I'm reading about the tragedy in Haiti this morning and thinking about the sheer amount of work that'll be required to get this nation back on its feet. That may be one heck of a goal considering many feel this nation really wasn't on stable footing to begin with—extreme poverty, history of military coups, and tendency to be hit with natural disasters on a regular basis.
Despite the implausible, most of the world is scrambling to help. The U.S. military already has arrived with aid. Other countries are being held back in delivering aid by the lack of functioning infrastructure in Haiti.
Like most people, I try to relate to what's going on in Haiti by imagining how I might react if such an event struck my hometown. It just so happens that my family sort of has an emergency plan should a catastrophic event hit northern Illinois, cutting off communication and leaving everyone with a need to relocate temporarily. We're meeting at a family friend's home in Madison, Wis., even if it means walking, I guess.
That led me to think my company's emergency preparedness plan. Unless I'm out of the loop, which I might be, I don't think we have one. The company handles the random blizzard quite well, but a catastrophic event that might force the relocation of employees or the short-term closing of the office building really hasn't been addressed to my knowledge.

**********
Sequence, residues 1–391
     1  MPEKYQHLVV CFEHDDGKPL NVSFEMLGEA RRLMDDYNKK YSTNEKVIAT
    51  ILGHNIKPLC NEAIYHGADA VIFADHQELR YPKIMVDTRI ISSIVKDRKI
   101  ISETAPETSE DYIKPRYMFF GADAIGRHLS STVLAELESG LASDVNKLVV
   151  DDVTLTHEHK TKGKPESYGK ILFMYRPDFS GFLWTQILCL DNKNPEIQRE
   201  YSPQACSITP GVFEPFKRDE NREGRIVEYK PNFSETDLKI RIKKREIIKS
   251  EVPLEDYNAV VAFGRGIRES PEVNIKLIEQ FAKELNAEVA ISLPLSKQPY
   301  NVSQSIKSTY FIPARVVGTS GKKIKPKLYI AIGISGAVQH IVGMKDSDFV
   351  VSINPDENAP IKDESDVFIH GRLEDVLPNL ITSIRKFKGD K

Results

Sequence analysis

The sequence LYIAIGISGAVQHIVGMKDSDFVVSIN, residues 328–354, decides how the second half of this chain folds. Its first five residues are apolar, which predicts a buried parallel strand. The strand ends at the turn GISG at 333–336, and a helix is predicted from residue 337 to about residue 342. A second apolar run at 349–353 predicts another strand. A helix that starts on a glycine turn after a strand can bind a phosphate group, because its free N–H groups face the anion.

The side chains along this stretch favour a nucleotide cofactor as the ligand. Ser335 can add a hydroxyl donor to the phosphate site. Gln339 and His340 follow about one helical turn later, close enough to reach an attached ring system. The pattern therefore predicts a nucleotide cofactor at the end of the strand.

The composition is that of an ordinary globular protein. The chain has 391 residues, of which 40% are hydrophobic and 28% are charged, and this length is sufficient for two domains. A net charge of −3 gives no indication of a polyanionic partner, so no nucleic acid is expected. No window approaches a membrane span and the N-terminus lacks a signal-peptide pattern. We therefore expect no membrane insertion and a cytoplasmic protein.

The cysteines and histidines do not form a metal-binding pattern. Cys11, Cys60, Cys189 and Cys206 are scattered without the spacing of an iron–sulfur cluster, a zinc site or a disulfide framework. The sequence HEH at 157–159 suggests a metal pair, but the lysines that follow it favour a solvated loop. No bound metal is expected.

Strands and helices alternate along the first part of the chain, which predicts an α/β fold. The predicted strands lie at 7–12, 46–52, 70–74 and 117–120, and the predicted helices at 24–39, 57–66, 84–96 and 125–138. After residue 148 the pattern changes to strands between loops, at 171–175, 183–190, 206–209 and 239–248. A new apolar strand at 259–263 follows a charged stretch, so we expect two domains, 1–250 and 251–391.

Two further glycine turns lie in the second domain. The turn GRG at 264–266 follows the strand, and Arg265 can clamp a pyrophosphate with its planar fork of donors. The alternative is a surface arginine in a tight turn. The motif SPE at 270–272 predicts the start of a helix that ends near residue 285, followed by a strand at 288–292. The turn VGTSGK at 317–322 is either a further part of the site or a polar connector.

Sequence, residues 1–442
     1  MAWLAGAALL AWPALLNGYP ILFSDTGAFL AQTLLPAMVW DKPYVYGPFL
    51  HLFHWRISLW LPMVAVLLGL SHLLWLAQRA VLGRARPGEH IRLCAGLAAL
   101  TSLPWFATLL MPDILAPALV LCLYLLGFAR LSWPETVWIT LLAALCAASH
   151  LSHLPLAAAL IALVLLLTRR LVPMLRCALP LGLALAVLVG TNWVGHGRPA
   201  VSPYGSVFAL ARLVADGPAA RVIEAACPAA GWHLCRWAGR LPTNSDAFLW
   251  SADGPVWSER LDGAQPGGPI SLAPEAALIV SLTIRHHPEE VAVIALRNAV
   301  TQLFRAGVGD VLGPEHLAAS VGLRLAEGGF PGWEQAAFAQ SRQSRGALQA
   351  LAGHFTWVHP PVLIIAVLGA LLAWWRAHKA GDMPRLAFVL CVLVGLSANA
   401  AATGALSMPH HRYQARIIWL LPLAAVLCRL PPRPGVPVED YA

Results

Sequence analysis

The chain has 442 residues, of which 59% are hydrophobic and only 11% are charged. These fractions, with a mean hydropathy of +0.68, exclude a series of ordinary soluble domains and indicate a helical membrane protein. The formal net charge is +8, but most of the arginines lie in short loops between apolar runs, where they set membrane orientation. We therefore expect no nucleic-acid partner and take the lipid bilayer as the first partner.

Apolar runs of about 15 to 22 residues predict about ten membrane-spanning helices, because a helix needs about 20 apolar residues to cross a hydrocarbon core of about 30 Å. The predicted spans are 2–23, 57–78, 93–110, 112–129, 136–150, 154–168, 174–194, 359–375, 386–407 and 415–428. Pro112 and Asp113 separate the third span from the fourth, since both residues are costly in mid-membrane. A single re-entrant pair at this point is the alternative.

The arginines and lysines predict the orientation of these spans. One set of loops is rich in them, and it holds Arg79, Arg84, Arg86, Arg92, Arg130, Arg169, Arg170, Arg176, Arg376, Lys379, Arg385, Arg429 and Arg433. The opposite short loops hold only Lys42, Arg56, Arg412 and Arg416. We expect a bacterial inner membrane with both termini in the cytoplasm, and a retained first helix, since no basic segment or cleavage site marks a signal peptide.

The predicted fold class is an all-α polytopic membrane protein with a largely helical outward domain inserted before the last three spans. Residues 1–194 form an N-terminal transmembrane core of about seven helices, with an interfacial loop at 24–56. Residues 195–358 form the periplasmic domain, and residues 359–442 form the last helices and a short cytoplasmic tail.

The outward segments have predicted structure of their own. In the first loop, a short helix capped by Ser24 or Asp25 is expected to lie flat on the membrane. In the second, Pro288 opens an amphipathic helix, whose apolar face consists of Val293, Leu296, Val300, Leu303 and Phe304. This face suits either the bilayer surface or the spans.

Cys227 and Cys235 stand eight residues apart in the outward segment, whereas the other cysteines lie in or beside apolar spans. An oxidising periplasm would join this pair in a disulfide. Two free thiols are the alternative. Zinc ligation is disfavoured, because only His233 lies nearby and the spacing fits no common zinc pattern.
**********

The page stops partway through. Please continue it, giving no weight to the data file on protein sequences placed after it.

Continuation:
I remember the days following Hurricane Katrina's landing in New Orleans in 2005. Most of the news found in general media was about the evacuation and subsequent damage the city endured. However, the news about how people, at least the people who could, go back to a seminormal life was overlooked.
For example, I remember reading about how Kenner, La.-based Pellerin Milnor Corp., a manufacturer of large commercial washers and dryers, had set up temporary dorms on its campus because some of its employees had damaged homes that weren't ready to be reoccupied. This arrangement kept production rolling and customers happy.
I'm sure a lot of the company's post-Katrina actions were done on-the-fly, but I'm pretty certain that the event also has led to some sort of documented emergency preparedness plan. I wonder if other companies have even given this type of scenario any thought.
For kicks, you could visit this site and follow the advice of the Federal Emergency Management Agency (FEMA), a name that's not entirely welcomed in south Louisiana. By following the FEMA outline, your company should be ready for any scenario, including an alien invasion.
Of course, your company could take some simpler steps that would put it in a situation to bounce back from a large catastrophic event:
- Make sure you back up the company's software and keep that backup off-site. With today's online backup services, this is an easy thing to accomplish. That data arguably might be the company's most important non-human asset.
- Establish relationships with nearby manufacturing companies that might be able to absorb your company's work if your facility is unable to handle production needs. This keeps customers happy and shows that you value their business, even to the point of putting them ahead of your company's own needs.
- Find out which employees live close to one another, so that some sort of physical communication can take place. Strong hurricanes that blow through Baton Rouge, La., typically knock out phone service for a couple of days, and mobile phone service is usually out of commission longer. Don't expect traditional communication lines to be open the moments after a natural disaster.
Of course, that's not a plan, but it's something to think about. Hopefully, your company will never have to implement such a plan once it's pieced together.